4 Hours In

Shang­hai

Business Traveler (USA) - - CONTENT - By Jeremy Tredin­nick

1 THE BUND

Once a muddy river­bank where boats un­loaded and took on heavy bales of mer­chan­dise via rick­ety wooden plank­ing, this mile-long stretch of the Huangpu River has mor­phed into one of the most vis­ited of China’s many tourist sites – in fact, for­eign­ers will feel dis­tinctly out­num­bered as they wan­der down the broad pedes­trian prom­e­nade that fronts onto the river, dodg­ing hawk­ers and snap­ping photos of groups of Chi­nese ball­room danc­ing or do­ing the fan dance.

Start­ing at Suzhou Creek and the iron arcs of Gar­den Bridge, you’ll pass through Huangpu Park – orig­i­nally open to for­eign­ers only – and its Mon­u­ment to the Peo­ple’s He­roes, a con­crete pyra­mid that seems more suited to the mod­ern ar­chi­tec­tural jun­gle of the Pudong district on the river’s far side. Lin­ing the Bund’s length is a pro­ces­sion of grand build­ings cre­ated by the for­eign banks and great trad­ing houses of Shang­hai’s early 20th­cen­tury hey­day. Neo­clas­si­cal ed­i­fices stand shoul­der to shoul­der – a re­minder of the pomp and splen­dor of that ex­cit­ing time.

Standouts in­clude the Peace Ho­tel (for­merly Sas­soon House), whose art-deco lobby and stained glass is worth check­ing out; the Shang­hai Cus­toms House with its dis­tinc­tive clock tower; and the Shang­hai Pudong De­vel­op­ment Bank (for­merly the Hongkong and Shang­hai Bank­ing Cor­po­ra­tion building), in front of which a huge bronze bull apes New York’s Wall Street icon. Bund 18 should be ex­plored, as the ren­o­va­tion of its in­te­rior is ex­quis­ite – it now houses top-end re­tail and din­ing/ drink­ing es­tab­lish­ments (as does Three on the Bund far­ther down).

2 THE PEACE HO­TEL

The Peace Ho­tel stands on the corner of one of old Shang­hai’s main thor­ough­fares, Nan­jing Road. The stretch from the Bund up to Peo­ple’s Park is a mile and a half of chaotic shop­ping mania. Ex­pen­sive brand names jos­tle for space with main­stream stores, souvenir shops and eater­ies of ev­ery de­scrip­tion. It claims to be the busiest shop­ping street in the world – and if the crowds I’ve had to deal with are any­thing to go by, that’s a fair bet. Whether you’re a shopa­holic or not, a stroll up this street is an ex­pe­ri­ence.

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Be­fore reach­ing the south­ern end of the Bund, head into the for­mer Nissin Ship­ping building at No 5 for lunch at M on the Bund. Lo­cated on the sev­enth floor and boast­ing a rooftop ter­race with tremen­dous views up the curv­ing Bund, this was one of the first Western restau­rants to open in the city. Its menu is rooted in clas­si­cal Euro­pean

cui­sine but with novel twists thrown in; Mid­dle Eastern and North African dishes are also fea­tured. The décor is warm and re­fined, ref­er­enc­ing Shang­hai’s glam­orous past with some style. Lunch 11:30 AM – 2:30 PM (Mon-Fri), din­ner 6:00 PM – 10:30 PM; 7/F No 5 The Bund (corner of Guang­dong Lu); tel +86 21 6350 9988; m-restau­rantg-roup.com / mbund.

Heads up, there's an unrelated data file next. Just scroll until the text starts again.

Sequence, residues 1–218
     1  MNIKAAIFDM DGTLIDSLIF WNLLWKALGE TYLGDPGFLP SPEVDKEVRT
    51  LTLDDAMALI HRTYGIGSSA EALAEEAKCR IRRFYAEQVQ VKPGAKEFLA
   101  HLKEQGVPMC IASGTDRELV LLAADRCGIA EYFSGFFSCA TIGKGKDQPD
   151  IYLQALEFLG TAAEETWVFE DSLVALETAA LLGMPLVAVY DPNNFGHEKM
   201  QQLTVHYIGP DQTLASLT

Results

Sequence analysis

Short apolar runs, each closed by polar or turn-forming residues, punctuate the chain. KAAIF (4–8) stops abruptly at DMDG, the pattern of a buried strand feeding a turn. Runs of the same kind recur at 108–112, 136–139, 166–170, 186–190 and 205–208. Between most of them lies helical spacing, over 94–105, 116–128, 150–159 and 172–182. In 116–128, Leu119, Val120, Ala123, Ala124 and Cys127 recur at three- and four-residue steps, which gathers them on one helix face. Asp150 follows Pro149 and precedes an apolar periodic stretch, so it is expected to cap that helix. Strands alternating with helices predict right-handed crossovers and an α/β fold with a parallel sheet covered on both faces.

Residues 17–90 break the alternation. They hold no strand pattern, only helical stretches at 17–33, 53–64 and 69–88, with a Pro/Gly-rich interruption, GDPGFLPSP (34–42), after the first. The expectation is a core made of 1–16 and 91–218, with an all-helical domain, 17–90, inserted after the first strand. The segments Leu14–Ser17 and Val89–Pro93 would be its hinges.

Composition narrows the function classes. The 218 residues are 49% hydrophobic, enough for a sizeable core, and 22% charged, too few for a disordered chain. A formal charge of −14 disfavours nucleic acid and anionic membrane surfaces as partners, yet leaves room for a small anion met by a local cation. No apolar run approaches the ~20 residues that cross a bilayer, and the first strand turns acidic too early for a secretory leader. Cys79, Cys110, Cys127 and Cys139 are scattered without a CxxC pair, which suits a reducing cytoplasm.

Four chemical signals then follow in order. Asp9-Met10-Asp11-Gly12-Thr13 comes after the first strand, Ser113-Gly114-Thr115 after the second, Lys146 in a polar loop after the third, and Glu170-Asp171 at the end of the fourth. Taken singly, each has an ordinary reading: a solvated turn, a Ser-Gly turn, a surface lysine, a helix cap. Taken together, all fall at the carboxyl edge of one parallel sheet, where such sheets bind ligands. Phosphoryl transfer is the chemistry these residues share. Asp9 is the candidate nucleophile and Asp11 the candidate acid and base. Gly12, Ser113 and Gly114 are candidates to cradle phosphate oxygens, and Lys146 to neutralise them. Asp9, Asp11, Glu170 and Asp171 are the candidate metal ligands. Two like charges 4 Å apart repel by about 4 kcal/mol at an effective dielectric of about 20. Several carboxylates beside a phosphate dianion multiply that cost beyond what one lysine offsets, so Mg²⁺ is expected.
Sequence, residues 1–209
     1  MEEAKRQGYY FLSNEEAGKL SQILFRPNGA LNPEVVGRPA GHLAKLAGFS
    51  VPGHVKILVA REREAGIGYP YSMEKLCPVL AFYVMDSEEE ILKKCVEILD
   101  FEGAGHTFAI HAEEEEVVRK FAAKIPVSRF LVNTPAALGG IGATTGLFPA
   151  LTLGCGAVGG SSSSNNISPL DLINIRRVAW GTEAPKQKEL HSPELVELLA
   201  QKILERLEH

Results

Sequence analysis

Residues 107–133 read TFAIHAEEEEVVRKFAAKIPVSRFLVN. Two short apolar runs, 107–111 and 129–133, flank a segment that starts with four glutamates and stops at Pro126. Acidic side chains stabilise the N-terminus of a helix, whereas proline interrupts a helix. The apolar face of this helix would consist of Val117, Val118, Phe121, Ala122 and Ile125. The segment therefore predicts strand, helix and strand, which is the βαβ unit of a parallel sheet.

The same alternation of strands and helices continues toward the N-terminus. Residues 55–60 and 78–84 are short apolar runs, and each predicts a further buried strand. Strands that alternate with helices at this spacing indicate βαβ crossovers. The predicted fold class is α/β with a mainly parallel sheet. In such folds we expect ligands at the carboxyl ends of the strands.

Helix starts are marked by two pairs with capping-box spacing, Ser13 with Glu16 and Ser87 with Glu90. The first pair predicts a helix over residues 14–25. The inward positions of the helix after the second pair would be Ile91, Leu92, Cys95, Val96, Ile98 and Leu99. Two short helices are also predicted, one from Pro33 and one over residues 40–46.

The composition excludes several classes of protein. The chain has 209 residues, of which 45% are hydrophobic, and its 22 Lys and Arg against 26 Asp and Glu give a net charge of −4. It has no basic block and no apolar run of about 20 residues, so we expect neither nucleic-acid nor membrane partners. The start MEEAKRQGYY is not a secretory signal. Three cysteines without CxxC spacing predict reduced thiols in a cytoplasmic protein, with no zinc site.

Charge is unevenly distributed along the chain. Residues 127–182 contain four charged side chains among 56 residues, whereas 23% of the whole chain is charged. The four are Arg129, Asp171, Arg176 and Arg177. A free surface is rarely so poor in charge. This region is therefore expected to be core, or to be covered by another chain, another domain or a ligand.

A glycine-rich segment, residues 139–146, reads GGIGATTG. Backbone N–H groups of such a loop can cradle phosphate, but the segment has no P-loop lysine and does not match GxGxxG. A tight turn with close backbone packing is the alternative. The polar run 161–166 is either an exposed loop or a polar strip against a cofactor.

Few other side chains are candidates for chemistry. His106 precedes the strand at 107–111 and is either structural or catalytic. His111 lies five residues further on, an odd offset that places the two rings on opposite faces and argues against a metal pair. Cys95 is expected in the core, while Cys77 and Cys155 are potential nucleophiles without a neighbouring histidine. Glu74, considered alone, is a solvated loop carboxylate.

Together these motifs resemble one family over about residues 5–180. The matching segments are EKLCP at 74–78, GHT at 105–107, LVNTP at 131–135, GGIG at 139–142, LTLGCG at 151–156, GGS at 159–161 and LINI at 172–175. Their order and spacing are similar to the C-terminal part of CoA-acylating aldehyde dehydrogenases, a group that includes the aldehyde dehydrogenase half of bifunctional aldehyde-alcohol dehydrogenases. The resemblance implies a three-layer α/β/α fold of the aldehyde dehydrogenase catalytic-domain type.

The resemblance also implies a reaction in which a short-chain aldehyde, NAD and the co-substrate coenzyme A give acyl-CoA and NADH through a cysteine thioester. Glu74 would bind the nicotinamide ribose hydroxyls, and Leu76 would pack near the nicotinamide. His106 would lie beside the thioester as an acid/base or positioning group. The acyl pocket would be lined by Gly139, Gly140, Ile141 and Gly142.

4 YUYUAN GAR­DEN STA­TION

Where the Bund ends, atYanan Road East, turn“in­land”for a block then south (left) – you’ll soon be part of a stream of peo­ple head­ing into the old Chi­nese quar­ter, a ram­bling net­work of streets and al­leys whose fo­cal point is the Yuyuan Gar­den. This re­stored clas­si­cal 16th-cen­tury Chi­nese gar­den, built by govern­ment of­fi­cial PanYun­d­uan for his par­ents, is a beau­ti­ful ex­am­ple of Ming-era land­scap­ing that cov­ers nearly 5 acres filled with pavil­ions linked by cov­ered cor­ri­dors and bridges, open court­yards, streams, ponds, an­cient trees and stands of bam­boo.

Sadly you’re un­likely to find the peace and tran­quil­lity it was de­signed to in­spire, since you’ll be shar­ing it with hordes of mostly Chi­nese tourists, but nev­er­the­less, wan­der­ing its wind­ing walk­ways, paus­ing in or­nate pavil­ions with curv­ing eaves, and gaz­ing into carp-filled pools by weep­ing willows is a won­der­ful an­ti­dote to the city strife out­side. The Wall of Cloud-pierc­ing Dragon, Ex­quis­ite Jade Rock, In­ner Gar­den and Hall of Herald­ing Spring are all high­lights.

Next to the gar­den’s en­trance is the fa­mous Mid-lake Pavil­ion Tea­house with its zigzag bridge – a cul­tural must-do if you’re will­ing to fight the crush – and af­ter that it’s time to work your way back through the kitsch of the bazaar to the Huangpu River.Yuyuan Gar­den is open 8:30 AM – 5:30 PM; ad­mis­sion RMB40 ($6); 218 An­ren Jie (Street).

5 HUANGPU RIVER CRUIRE

Back at the south­ern end of the Bund’s pedes­trian prom­e­nade, a fleet of river­boats line the bank, all tout­ing sun­set cruises rang­ing from 30 min­utes to three hours plus, de­pend­ing on how far up or down the river you’d like to float. The shorter sun­set cruises are a great way of fin­ish­ing your day. As night falls, the old colo­nial ed­i­fices of the Bund light up like Christ­mas dec­o­ra­tions on one side, while on the other, in Pudong’s Lu­ji­azui district, the 21st cen­tury stands brash and ver­tig­i­nously tall, with sky­scrapers such as the Ori­en­tal Pearl Tower, Jin Mao Tower, Shang­hai Fi­nan­cial Cen­ter and the latest – and tallest– Shang­hai Tower pierc­ing the sky in a neon show that matches any me­trop­o­lis for ar­chi­tec­tural swag­ger. Many com­pa­nies along the river wharves of­fer cruises; prices gen­er­ally range from RMB60-150 ($9-23) with a one-hour cruise cost­ing around RMB100 ($15). BT

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